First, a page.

Who’s going to let their kids’ future be impacted by someone whose own capacity for risk assessment is impaired, whose own head injuries were undiagnosed, and who may in fact be suffering from an invisibly spreading assault on the brain that can only be detected by specific chemicals dropped onto thin slices of their frozen brains after they have died?

Seriously folks, let’s get real about the impact that CTE and repeated concussions has had on the whole discussion about football, to begin with. Dave Duerson was in charge of determining if his former teammates were in need of medical assistance, and while he denied many of their claims, he himself was impaired by his own undetected and unacknowledged neurological medical issues. It seems to me that the strongest opponents of amending football’s deliberately harmful violence probably need to undergo neuropsychological testing, themselves, to see if they are even competent to discuss this. It’s not a slight. It’s just objective consideration.

I’m ranting, I know. But seriously, lives are at stake. When I think of all the pain and suffering I’ve been through because of my own multiple sports-related concussions, and I think of all the student athletes out there who may be experiencing the same thing — even worse — because people are too busy denying there’s a problem or downplaying it, all the while telling student athletes that they should ignore (or even welcome) pain, because it’s “weakness leaving the body” — it makes my blood boil. Yes, I have come a long way since my last injury. Yes, I have overcome a great deal, and I’m living proof that concussion and repeated mTBI doesn’t need to destroy your life. But the price I have paid… I wouldn’t wish it on anyone. My brain injuries started before I was old enough to protect myself and make conscious choices, and in years before anyone knew enough to take my injuries seriously. A number of my mTBIs were also accidents. The thought that adults are putting students in harm’s way out of arrogance and ignorance, incurring completely needless and avoidable injuries, and not giving them proper treatment… all the while reinforcing the “don’t be a pussy” mindset by saying “Pain is weakness leaving the body,” and increasing the risks… it’s almost unfathomable. In this day and age? With all that we know? How is this possible? (Unless it’s directly related to prior head injuries among the people who are debating the issues — I’m just sayin’…)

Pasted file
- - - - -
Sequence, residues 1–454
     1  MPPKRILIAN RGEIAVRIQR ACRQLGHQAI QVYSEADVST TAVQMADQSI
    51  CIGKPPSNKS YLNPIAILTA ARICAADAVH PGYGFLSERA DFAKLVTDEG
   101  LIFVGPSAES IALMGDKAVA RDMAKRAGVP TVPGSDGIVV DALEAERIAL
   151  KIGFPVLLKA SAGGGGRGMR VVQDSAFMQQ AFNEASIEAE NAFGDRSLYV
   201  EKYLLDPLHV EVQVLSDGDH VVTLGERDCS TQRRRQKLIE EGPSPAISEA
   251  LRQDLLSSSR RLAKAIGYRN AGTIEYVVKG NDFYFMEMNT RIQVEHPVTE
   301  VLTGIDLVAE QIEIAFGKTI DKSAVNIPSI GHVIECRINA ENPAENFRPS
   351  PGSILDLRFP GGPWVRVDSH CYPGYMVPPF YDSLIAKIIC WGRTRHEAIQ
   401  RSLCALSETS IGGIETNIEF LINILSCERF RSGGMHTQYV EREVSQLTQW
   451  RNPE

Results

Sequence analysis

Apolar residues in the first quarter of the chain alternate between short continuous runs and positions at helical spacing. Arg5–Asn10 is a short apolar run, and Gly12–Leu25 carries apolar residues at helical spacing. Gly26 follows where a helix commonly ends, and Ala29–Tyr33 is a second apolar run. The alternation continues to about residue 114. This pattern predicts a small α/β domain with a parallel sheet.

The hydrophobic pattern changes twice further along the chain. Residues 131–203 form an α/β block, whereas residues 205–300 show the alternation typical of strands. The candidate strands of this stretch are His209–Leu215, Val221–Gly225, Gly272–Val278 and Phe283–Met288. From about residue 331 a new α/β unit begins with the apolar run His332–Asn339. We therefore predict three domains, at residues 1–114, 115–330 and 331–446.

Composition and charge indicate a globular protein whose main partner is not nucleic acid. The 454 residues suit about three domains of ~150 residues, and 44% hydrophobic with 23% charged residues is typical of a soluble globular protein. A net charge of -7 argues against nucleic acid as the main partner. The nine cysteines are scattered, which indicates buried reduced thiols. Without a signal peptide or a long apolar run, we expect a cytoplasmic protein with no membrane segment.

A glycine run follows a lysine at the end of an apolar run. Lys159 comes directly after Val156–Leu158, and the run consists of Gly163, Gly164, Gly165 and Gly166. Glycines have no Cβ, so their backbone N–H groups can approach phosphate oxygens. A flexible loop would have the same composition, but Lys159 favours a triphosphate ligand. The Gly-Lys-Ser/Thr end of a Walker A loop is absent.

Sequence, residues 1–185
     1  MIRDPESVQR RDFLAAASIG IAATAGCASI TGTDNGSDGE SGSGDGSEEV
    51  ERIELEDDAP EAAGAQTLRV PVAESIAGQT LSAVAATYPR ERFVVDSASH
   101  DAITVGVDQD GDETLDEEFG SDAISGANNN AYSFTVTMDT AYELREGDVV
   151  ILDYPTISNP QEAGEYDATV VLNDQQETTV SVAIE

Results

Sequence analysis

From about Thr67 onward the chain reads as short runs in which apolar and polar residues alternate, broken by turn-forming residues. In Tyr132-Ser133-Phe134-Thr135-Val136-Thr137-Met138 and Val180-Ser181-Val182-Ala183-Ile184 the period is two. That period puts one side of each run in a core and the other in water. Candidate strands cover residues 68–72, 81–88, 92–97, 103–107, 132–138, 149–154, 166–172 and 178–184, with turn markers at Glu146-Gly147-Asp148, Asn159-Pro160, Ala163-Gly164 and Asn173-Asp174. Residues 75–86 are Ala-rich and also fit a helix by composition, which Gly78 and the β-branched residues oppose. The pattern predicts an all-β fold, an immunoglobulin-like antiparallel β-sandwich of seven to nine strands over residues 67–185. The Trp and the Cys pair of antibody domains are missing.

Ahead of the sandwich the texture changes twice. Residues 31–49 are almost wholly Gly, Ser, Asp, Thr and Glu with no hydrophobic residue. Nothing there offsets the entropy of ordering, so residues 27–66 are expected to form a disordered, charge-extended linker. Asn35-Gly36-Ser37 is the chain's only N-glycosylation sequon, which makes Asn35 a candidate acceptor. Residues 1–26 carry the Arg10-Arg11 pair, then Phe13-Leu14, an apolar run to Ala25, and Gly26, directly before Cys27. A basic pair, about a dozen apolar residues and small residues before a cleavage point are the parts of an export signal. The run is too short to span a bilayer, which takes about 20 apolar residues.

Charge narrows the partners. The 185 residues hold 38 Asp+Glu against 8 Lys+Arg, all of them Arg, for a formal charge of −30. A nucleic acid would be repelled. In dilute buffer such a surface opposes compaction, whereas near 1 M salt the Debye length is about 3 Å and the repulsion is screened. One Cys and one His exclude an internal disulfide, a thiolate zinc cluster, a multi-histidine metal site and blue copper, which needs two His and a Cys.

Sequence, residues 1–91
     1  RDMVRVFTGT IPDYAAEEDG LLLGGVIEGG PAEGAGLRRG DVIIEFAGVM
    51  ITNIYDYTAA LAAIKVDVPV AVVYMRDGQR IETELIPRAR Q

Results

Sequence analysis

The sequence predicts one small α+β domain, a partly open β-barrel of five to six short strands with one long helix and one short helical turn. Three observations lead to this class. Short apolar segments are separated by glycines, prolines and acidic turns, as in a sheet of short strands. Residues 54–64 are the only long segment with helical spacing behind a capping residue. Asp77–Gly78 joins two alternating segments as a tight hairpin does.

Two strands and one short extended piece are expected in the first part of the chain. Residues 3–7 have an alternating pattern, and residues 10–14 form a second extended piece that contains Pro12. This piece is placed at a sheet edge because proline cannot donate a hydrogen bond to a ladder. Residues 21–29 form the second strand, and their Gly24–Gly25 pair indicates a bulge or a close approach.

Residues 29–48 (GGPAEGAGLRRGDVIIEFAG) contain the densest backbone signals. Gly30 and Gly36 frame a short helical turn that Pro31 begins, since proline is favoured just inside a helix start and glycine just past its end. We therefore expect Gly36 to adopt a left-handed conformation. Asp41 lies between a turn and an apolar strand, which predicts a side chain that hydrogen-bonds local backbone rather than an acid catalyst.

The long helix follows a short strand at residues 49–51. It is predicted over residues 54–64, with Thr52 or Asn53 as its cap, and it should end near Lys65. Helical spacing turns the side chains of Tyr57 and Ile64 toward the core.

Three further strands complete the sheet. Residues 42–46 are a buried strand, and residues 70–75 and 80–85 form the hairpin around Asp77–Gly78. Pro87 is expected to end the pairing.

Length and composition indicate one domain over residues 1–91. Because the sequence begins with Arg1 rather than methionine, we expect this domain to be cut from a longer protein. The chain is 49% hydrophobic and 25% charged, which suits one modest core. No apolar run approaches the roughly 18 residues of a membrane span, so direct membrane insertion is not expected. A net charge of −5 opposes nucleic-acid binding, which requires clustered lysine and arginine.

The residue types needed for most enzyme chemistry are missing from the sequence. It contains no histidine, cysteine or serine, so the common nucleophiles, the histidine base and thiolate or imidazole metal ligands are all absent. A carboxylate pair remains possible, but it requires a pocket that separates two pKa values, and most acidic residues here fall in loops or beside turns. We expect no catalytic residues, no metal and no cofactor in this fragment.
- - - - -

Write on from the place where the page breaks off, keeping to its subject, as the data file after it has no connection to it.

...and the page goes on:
If you take nothing else away from this (given my rant), I hope you at least take this:

Pain for a student athlete is NOT weakness leaving the body.

It is the body telling the mind that it needs to STOP doing what it is doing, because IT IS DOING DAMAGE TO ITSELF. The reason we feel pain in the first place, is because our bodies are detecting a threat that we are either not aware of, or we are ignoring. It’s the body’s way of saying, “Knock it off – you are harming me.” And the more pain there is, the higher the stakes. Pain is not a frivolous distraction, the domain of pussies and pansies. It is a real thing, the one  (and sometimes only) way the body has to communicate to us when we are being idiots about protecting our own safety. Pain should be respected and listened to, not dismissed as the price you pay for character development.

If you’re in anything but a life-and-death situation where the risk of losing everything outweighs the damage you’re doing to your body, well, that false-bravado attitude is just plain stupid.

For my great uncle on the beachhead near Colleville-sur-Mer in France on June 6, 1944, it made sense to ignore whatever pain he experienced, because it was for a higher purpose — the protection of his section’s mission, and the overthrow of the Nazi regime. He also was a 24-year-old man who left school when he was younger and his father became ill, and he supported his family with two jobs. On D-Day, that man made the ultimate sacrifice, “realizing that he was facing certain death… ” His was a “heroic, self-imposed mission” and he made a conscious choice in an honest-to-God real life battle that would have lasting consequences. His sacrifice served someone else, not just his own ego.

But the sacrifice of young brains — young lives — for the sake of staying in a school-age game… whom does this serve? The game is passing, but injury and struggle and difficulty are lasting. And who bears the brunt of the pain? The former player, not the coaches and other players who pushed them to stay in.

Concussion and brain injury (even “mild” traumatic brain injury) is no laughing matter, and it’s not something to be shrugged off. It has consequences. It often comes at an extremely steep price.

Pain is not always weakness leaving the body. Sometimes it’s weak-mindedness betraying the body.


Author: brokenbrilliant